Family-Owned Recycling Businesses Providing Thousands of Jobs are Under Direct Attack by Proponents of a Misguided Ohio Bill That Would Open Up Salvage Pools and Auctions
MANASSAS, Va., May 18, 2012 /PRNewswire-USNewswire/ -- The Automotive Recyclers Association (ARA) and the Ohio Auto and Truck Recyclers Association (OATRA) have decried the cynical attempts by lobbyists for the insurance industry to diminish the vital role played by local Ohio automotive recycling companies. The two organizations, on behalf of the 794 licensed automotive recyclers in Ohio and the thousands of men and women they employ, are outraged at the brazen attacks that occurred this week upon small businesses that help make up the backbone of today's economy in Ohio, which has been hard hit by the economic downturn in America.
Ohio's professional automotive recyclers came under heavy fire during testimony on Tuesday in support of Ohio Senate Bill 273, a highly controversial piece of legislation that would enable unlicensed in-state and out-of-state buyers to purchase vehicles from Ohio salvage pools and auctions. One insurance industry lobbyists dismissed concerns expressed by Ohio state legislators that the bill could kill Ohio recycling jobs, asserting that "insurance jobs are better jobs for this state."
Representative Ross W. McGregor, who represents a district that is home to nine recycling operations, vigorously challenged that claim. Skeptical legislators also pointed out that they shouldn't be forced to create more insurance jobs at the expense of putting automotive recyclers out of business. They also pushed back at the ridiculous suggestion that automotive recyclers were somehow less civic-minded than other Ohioans, and policymakers also noted that many Ohio communities that are currently home to automotive recycling operations are not likely to add insurance jobs today or in the future.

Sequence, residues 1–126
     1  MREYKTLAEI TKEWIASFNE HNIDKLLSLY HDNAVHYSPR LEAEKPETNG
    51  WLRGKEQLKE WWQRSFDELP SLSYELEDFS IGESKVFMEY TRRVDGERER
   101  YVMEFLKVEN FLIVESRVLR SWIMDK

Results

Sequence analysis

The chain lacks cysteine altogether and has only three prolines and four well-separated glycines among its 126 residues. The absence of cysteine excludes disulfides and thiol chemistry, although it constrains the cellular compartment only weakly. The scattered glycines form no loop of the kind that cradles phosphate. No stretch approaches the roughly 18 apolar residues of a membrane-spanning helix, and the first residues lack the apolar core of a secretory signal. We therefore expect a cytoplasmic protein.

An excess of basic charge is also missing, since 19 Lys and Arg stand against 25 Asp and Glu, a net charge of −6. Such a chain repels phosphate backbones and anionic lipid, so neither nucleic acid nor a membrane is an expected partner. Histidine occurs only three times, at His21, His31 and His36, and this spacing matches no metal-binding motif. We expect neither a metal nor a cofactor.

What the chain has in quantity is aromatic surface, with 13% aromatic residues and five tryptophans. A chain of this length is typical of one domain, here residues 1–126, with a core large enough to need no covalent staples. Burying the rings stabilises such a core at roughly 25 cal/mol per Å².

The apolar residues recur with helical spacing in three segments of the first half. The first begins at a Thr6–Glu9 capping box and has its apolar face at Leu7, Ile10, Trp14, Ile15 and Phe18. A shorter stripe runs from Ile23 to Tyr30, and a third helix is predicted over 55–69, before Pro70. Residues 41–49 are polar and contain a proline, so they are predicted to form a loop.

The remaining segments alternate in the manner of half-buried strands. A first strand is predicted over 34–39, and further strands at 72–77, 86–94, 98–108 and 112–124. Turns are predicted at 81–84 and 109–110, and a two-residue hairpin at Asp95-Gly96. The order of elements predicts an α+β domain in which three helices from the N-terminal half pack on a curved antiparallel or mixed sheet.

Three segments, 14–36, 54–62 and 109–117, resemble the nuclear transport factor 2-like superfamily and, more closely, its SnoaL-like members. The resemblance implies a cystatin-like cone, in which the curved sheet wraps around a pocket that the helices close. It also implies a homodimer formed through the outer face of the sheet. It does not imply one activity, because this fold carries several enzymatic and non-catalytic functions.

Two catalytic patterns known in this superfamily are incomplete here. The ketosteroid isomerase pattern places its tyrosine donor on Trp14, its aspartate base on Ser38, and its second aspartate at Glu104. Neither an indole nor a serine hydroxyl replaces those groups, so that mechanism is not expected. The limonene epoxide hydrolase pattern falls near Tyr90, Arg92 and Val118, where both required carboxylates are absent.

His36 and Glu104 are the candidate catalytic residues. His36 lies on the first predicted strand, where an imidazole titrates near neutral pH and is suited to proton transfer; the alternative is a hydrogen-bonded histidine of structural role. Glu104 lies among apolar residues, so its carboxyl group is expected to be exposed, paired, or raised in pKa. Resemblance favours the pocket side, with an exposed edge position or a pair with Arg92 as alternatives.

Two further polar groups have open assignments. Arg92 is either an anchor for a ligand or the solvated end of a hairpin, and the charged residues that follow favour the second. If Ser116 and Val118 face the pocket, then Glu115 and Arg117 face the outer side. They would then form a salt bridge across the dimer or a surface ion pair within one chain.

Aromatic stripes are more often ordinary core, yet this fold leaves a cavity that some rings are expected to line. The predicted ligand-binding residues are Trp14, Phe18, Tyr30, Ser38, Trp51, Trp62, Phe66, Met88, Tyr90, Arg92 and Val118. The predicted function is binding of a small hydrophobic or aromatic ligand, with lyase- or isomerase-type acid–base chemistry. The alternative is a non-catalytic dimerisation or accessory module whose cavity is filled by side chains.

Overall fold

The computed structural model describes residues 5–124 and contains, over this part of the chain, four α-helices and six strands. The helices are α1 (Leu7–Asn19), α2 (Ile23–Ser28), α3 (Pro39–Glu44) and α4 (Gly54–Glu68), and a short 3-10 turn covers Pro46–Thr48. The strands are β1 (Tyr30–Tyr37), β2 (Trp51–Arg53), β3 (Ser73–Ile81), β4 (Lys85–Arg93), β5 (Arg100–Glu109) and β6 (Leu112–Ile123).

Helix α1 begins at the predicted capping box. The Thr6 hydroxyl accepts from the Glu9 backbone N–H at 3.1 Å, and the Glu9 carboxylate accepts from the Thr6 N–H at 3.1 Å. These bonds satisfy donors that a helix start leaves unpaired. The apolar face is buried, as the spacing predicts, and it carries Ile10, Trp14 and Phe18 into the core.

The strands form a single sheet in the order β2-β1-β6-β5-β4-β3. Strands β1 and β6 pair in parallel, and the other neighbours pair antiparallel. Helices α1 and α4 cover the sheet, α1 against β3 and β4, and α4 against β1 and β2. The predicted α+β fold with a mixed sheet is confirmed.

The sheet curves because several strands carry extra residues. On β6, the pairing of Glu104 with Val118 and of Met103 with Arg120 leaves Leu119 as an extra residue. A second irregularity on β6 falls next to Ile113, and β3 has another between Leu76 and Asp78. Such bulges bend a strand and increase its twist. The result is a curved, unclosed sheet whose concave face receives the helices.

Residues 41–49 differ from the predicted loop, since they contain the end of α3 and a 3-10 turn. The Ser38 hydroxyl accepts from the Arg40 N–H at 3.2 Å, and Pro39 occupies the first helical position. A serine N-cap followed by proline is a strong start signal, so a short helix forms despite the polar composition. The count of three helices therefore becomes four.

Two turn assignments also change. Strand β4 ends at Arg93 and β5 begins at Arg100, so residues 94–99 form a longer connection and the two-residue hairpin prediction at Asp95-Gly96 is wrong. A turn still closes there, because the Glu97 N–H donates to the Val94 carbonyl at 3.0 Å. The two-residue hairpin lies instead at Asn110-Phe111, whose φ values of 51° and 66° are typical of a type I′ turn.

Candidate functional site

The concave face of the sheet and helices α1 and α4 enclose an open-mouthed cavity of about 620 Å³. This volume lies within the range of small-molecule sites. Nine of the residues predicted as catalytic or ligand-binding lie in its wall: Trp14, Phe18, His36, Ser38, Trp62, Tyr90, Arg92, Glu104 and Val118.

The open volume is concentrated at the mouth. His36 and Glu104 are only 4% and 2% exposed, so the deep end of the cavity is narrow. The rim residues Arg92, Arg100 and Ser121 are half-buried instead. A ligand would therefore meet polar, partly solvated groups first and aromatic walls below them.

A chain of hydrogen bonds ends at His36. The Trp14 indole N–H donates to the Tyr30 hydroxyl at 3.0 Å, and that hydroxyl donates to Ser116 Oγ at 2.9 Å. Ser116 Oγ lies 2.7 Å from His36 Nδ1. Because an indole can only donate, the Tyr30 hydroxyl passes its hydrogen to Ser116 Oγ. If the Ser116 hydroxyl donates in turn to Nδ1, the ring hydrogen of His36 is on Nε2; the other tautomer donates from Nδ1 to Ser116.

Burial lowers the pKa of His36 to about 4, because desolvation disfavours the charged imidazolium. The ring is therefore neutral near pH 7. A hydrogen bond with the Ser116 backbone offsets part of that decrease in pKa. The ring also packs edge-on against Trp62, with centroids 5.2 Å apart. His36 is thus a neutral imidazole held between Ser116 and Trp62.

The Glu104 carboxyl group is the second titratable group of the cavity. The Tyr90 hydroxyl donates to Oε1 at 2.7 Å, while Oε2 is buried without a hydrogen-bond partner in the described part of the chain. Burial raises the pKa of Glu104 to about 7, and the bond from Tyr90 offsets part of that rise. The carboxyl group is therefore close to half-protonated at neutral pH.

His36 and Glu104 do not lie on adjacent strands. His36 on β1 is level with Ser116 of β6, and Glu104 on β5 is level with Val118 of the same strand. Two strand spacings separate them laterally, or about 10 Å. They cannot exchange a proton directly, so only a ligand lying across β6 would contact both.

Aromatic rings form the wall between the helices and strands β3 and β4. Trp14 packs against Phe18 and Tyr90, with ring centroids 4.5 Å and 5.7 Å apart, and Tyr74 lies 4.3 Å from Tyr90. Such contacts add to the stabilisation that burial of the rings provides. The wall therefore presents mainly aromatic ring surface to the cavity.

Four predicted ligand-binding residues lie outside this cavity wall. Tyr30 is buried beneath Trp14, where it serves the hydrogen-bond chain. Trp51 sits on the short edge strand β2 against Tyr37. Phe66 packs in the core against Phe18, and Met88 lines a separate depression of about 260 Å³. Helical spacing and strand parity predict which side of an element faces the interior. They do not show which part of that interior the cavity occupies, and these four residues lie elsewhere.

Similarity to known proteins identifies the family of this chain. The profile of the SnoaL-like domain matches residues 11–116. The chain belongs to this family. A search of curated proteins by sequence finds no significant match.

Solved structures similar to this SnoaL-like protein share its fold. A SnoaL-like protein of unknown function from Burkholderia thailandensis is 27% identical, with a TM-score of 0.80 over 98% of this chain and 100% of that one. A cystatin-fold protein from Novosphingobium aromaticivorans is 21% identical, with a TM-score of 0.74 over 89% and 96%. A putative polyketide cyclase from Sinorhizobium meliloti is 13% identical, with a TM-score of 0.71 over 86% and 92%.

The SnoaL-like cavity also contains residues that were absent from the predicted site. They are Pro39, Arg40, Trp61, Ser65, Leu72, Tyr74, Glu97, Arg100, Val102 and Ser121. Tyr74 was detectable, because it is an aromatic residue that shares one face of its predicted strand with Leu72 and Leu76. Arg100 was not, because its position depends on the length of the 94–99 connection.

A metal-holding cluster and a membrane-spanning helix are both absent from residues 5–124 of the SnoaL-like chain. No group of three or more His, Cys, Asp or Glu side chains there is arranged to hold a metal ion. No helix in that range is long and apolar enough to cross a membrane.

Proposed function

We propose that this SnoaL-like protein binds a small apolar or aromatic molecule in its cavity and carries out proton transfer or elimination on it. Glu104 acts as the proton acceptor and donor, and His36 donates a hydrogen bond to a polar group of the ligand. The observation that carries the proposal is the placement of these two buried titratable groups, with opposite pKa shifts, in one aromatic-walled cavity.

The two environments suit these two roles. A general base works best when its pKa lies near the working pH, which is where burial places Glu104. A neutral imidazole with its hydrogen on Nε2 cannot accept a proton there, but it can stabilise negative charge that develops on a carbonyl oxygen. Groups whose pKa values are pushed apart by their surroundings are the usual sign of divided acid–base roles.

In recent weeks, the ARA and OATRA have expressed their concerns to Ohio legislators over the draft bill, which would threaten Ohio jobs, eliminate important consumer protections in the current law and allow unlicensed individuals to put unsafe vehicles back on Ohio's highways. Automotive recyclers in Ohio have engaged in discussions with their elected representatives, yet the bill was passed by the Ohio Senate despite various serious concerns expressed by the industry.
In a reckless display showcasing how the insurance companies are prepared to shamelessly smear all companies who oppose the bill, their lobbyist used the occasion not to testify on the merits of a bill they support, but to instead deride the LKQ Corporation.
OATRA President Jim McKinney called it "a cheap political trick that aimed to hijack the hearing into a referendum on a single company and distract from the most important and unavoidable fact, which is that this bill will kill Ohio jobs." ARA CEO Michael E. Wilson stated: "The discussion of this bill should not be about attempts to vilify a single company when there are nearly 800 recyclers in the state of Ohio who are united in their opposition to a bill that directly threatens their industry. That is an insult to the local Ohio companies, many of which are second-, third- and fourth-generation shops that account for over 93 percent of the recycling business in the state."
The ARA and OATRA look forward to the opportunity to continue reaching out to Ohio's lawmakers to raise their concerns about the bill. The groups plan to emphasize the far-reaching negative impacts that the legislation will have on Ohio's recyclers, the general public and the environment. However, the groups prefer to provide their perspective in a dignified manner that focuses on the facts.
For almost 70 years, the Automotive Recyclers Association ("ARA") has represented an industry dedicated to the efficient removal and reuse of "green" automotive parts, and the proper recycling of inoperable motor vehicles. ARA members provide consumers with quality, environmentally friendly, low-cost alternatives for vehicle replacement parts. Today, ARA represents the interests of over 4,500 auto recycling facilities in the United States and fourteen other countries around the world. For more information on green recycled parts, please visit http://www.greenrecycledparts.com.
SOURCE Automotive Recyclers Association